Each of our family members has strong opinions about that, but for me, the preparation is the best part. I love the discipline it takes to wake up every morning and to put in the time and the miles that will help my body respond to the stresses of an actual marathon. It’s like life in so many respects—making a plan, strict training, hills, a set path, beautiful vistas, training partners, long lonely miles, people cheering, falling and getting back up, injuries, aid stations, and of course a finish line. This quote has motivated and inspired me many times as I have wondered if what I am doing is worth it.A marathon is one thing that you cannot do virtually! One of my top 10 favorite quotes was given by former U. President Roosevelt said: “It is not the critic who counts; not the man who points out how the strong man stumbles, or where the doer of deeds could have done them better.At the LDS website one can find the essay “Becoming Like God,” which cites Joseph Smith’s teaching that God “was once as one of us” and, unapologetically, Lorenzo Snow’s couplet.
That’s how I became interested in the dating of the birth of Christ. Did it come as an outgrowth of your work in archeology? We just taught as a matter of course that Jesus had been born on April 6, and this is because of the great respect we all have for Elder Talmage’s book where he takes that very definite position that Jesus was born in 1 BC on April 6th, basing it on the phrase in Doctrine and Covenants 20, which refers to the day on which the church was organized in 1830. It just happened that I kept getting indications that suggested Jesus couldn’t have been born in 1 BC.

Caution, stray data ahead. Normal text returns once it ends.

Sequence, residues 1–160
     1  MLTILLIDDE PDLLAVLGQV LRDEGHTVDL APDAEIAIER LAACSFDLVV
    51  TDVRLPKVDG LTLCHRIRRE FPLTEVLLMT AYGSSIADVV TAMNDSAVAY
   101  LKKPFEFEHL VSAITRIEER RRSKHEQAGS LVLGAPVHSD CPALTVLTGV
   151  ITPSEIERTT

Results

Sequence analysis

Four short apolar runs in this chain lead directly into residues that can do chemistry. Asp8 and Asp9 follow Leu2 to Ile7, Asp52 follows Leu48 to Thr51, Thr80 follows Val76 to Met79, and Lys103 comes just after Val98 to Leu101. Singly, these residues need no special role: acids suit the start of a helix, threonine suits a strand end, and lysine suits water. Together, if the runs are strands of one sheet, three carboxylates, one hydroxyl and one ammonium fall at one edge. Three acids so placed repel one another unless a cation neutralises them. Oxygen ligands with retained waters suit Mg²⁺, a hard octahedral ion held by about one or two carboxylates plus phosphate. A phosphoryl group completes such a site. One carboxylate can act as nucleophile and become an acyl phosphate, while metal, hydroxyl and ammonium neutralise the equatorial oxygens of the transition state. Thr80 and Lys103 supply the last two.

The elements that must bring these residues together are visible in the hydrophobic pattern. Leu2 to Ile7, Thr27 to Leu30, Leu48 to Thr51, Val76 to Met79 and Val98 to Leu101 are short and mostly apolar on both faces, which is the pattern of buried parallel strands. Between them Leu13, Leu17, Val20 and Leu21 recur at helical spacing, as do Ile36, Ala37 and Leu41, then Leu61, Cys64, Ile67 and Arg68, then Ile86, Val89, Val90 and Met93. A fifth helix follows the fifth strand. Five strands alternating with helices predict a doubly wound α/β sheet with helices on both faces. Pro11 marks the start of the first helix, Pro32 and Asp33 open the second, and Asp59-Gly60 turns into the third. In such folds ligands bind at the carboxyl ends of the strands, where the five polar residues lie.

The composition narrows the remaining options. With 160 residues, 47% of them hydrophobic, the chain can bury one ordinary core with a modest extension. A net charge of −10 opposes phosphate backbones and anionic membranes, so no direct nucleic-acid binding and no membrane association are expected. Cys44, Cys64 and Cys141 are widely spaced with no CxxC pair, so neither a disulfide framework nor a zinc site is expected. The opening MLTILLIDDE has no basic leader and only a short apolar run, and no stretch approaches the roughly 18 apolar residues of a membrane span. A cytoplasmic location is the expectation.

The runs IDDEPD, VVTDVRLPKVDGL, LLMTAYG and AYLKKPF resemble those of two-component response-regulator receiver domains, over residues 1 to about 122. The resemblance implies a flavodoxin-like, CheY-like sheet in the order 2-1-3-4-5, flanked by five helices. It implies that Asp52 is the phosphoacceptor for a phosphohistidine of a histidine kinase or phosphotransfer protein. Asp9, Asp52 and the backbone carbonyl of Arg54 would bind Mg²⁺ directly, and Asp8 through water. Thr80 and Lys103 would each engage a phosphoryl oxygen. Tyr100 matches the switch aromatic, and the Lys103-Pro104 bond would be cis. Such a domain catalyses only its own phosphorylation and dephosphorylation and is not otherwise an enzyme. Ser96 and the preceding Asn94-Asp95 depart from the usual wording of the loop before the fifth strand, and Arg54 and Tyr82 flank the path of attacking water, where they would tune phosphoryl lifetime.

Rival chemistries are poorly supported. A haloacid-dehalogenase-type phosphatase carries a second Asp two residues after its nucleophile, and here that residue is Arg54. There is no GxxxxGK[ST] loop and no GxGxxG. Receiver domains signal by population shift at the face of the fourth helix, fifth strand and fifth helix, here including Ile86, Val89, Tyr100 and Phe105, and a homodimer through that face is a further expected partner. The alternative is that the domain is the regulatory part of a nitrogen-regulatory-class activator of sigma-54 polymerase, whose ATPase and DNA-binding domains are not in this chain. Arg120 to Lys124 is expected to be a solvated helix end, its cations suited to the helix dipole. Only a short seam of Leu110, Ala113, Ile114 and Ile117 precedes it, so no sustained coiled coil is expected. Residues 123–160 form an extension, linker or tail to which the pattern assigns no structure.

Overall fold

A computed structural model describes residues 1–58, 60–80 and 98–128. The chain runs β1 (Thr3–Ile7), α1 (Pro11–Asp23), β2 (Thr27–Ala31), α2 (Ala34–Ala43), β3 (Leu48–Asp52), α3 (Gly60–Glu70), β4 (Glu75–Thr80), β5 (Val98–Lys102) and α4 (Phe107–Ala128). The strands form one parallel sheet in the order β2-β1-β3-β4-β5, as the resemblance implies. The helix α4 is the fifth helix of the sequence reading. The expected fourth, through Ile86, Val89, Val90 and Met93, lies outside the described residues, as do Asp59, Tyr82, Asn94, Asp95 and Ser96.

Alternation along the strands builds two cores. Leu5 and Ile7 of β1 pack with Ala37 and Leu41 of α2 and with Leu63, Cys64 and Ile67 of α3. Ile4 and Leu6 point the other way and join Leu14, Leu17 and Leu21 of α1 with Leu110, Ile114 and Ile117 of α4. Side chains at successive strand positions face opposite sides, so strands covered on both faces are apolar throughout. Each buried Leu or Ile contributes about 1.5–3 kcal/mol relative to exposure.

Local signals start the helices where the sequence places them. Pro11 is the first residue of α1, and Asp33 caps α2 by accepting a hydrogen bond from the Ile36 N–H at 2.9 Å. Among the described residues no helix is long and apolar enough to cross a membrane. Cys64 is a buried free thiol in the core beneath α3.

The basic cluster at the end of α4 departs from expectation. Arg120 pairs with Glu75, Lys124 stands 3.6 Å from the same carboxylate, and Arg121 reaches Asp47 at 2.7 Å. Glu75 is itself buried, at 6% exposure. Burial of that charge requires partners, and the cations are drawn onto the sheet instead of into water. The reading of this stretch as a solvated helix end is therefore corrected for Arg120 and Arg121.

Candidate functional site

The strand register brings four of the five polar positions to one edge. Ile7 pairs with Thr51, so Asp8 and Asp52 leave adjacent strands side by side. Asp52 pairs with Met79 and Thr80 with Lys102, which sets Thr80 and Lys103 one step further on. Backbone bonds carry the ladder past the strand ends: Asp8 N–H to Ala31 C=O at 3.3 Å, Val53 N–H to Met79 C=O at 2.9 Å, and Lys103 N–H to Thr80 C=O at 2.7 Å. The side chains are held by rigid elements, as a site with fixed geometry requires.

I don’t know that we emphasize it.” Then in 2012 when the LDS Church published a study volume, Teachings of Presidents of the Church: Lorenzo Snow, there was zero commentary on the first half of Snow’s famous couplet.
Mouw concludes that LDS leaders “are simply saying nothing about it in the hope of keeping it on the margins of their historic teachings without issuing a straightforward rejection of something that loomed large in the LDS past.” Further evidence for this hope is that Mormon participants in the Evangelical-Mormon dialogue which Mouw and Mormon theologian Robert Millet have led for fifteen years tell Mouw that the Snow couplet has no canonical status in Mormon theology.
Have you ever wondered why we celebrate the birth of Christ on December 25? Jeffrey Chadwick: I’m just more or less a regular guy that wound up being a professor of archeology and religion. I’ve taught probably 3,000 students there over a thirty year period.
Was it just a random date chosen by the early Christian fathers or is there more to it? Chadwick, an archaeologist and Herodian scholar, became interested in this question and thinks he has found an answer. LDS Perspectives Podcast Episode 13: When was Jesus Born? Chadwick Laura Hales: Hello, this is Laura Harris Hales with the LDS Perspective Podcast, and I’m here today with Dr. Chadwick to discuss the dating of the birth of Christ. Chadwick is the BYU Jerusalem Center professor of archeology and Near East Studies. Albright Institute of Archeological Research in Jerusalem and serves as senior field archeologist and director of Upward City Excavations. For the Tel es Safi Gap archeological project in Israel. You know twenty-five programs, and it’s been a great thing to do. This is what I was taught from a young child.” In fact, I remember telling the kids in my seven year old class when we were talking about Christmas: “We celebrate it in December, but we know because of revelation to Joseph Smith that it was really April 6th.” And I got these really blank looks on their face like, “The woman is crazy.